Tags: Big Island Lawyer, Big Island Personal Injury Attorney, Civil Procedure and Trial Practice, Hawaii, Hawaii Lawyer, Hawaii Personal injury attorney, Hawaii Personal Injury Lawyer, Honolulu Lawyer, Honolulu personal injury attorney, Honolulu Personal Injury Lawyer, HRCP Rule 35, IME, Independent Medical Examinations, Kauai Lawyer, Kauai Personal Injury Attorney, Maui Lawyer, Maui Personal Injury Attorney, Personal Injury, Personal Injury Hawaii
Posted in Civil Procedure and Trial Practice, Personal Injury, The Legal Profession | Comments Off
Thursday, February 2nd, 2012
A Hawaii personal injury attorney must be mindful of special procedures he or she must follow when litigating a personal injury action on behalf of a minor or an incapacitated person. Because a minor or incapacitated person cannot make an informed decision regarding his or her case, Hawaii law requires that any settlement or judgment received in a minor’s court case be approved by a judge presiding in probate and that a conservator is appointed on behalf of the minor or incapacitated person. Rule 101 of the Hawaii Probate Rules makes it the Plaintiff’s Attorney’s responsibility to initiate a conservatorship action for the eventual settlement or judgment in favor of the minor or incapacitated plaintiff. Rule 101 of the Hawaii Probate Rules states as follows:
Rule 101. PERSONAL INJURY RECOVERIES.
When a minor or incapacitated person receives a settlement or judgment from any claim or action, a conservatorship action must be initiated by the plaintiff’s attorney and any settlement approved by the court insofar as it affects the protected person or respondent. The judge presiding in probate shall appoint a conservator for the minor or incapacitated individual and determine whether any settlement is reasonable. A flag sheet shall be presented pursuant to Rule 103 for any hearing on a petition that seeks compromise of a tort claim on behalf of a minor or incapacitated person.
Hawaii Rules of Probate Court R. 101.
The personal injury attorney’s responsibility to initiate conservatorship proceedings and obtain judicial approval of settlement or judgment extends to matters in Federal Court. Indeed, Rule 17.1 of the Local Rules of the District Court of Hawaii requires that Federal Court litigants abide by state laws (i.e., HRP 101) as to court approval of settlements involving minors. Rule 17.1 provides as follows:
Except as otherwise permitted by statute or federal rule, no action by or on behalf of a minor or incompetent shall be dismissed, discontinued, or terminated without the approval of the court. When required by state law, court approval shall also be obtained from the appropriate state court having jurisdiction over such matters for any settlement or other disposition of litigation involving a minor or incompetent.
LR 17.1 (emphasis added).
Additionally, even Hawaii personal injury attorneys obtaining settlements or awards in arbitration in favor of a minor or incapacitated person must initiate a conservatorship proceeding and have that settlement or award approved by a judge sitting in probate. H.R.S. § 658A-22 states that a party receiving an arbitration award may ask the court to confirm the award. H.R.S. § 658A-22 provides as follows:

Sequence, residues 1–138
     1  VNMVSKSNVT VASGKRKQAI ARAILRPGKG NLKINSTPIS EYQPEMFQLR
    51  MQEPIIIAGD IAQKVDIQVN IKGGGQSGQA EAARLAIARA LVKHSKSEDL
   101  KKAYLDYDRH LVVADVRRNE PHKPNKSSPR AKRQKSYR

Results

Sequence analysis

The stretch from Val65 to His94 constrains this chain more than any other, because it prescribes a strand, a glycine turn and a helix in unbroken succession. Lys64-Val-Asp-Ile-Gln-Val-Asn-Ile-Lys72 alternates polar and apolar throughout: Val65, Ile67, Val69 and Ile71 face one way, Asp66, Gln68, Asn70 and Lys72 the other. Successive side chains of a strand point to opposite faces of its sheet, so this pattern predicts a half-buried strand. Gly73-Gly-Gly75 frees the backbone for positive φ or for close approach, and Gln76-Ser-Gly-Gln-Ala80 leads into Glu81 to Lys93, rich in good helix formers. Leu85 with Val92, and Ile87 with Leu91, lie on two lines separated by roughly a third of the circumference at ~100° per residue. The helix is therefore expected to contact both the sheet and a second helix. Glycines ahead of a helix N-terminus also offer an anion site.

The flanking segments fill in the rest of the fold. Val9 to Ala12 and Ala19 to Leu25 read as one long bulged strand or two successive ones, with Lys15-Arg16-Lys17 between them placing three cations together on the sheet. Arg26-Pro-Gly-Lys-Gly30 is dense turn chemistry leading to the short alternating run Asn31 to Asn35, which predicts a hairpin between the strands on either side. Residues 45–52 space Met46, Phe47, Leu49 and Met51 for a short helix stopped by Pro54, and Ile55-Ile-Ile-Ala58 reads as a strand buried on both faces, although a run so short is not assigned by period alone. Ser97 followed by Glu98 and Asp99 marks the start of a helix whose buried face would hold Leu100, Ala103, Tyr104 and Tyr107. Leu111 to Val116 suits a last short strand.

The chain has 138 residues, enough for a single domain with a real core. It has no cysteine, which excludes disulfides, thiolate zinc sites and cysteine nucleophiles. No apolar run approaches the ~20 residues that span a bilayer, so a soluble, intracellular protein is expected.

After a party to an arbitration proceeding receives notice of an award, the party may make a motion to the court for an order confirming the award at which time the court shall issue a confirming order unless the award is modified or corrected pursuant to section 658A-20 or 658A-25 or is vacated pursuant to section 658A-23.
HRS § 658A-22.
The confirmation of an arbitration award converts the award into an enforceable judgment, thus triggering Hawaii Probate Rule 101. Mikelson v. United Services Auto. Ass’n, 122 Hawai’i 393, 396 (Hawai‘i App. 2010) (“Confirmation of an arbitration award is an ‘expeditious procedure for reducing or converting the arbitration award to a judgment which can be enforced by judicial writ.’”). The Hawaii personal injury attorney who receives a favorable outcome for his or her minor or incapacitated client is cautioned not to forget these important special requirements in representing a minor or incapacitated client.
Tags: Big Island Attorney, Big Island Personal Injury Attorney, Hawaii arbitration, Hawaii Attorney, Hawaii Personal Injury, Hawaii Personal injury attorney, Hawaii Probate, Hawaii Settlements for Incapacitated Persons, Hawaii Settlements for Minors, Honolulu Attorney, Honolulu personal injury attorney, Kauai Attorney, Kauai Personal Injury Attorney, Maui Attorney, Maui Personal Injury Attorney, Oahu Attorney, Oahu Personal Injury Attorney
Posted in Civil Procedure and Trial Practice, Mediation and Arbitration, Personal Injury, The Legal Profession | Comments Off
Friday, August 5th, 2011
There are several theories under which an employer may be held liable for the acts of an employee. The most straightforward is called respondeat superior liability. The elements of respondeat superior liability are (1) employee negligence (2) within the scope of the employee’s employment. Id. (citations omitted). In defining the scope of an employee’s employment, the Hawaii Supreme Court reiterated its approval of Restatement (Second) of Agency §228 (1958) which states as follows:
(1) Conduct of a servant is within the scope of employment if, but only if:
(a) it is of the kind he is employed to perform;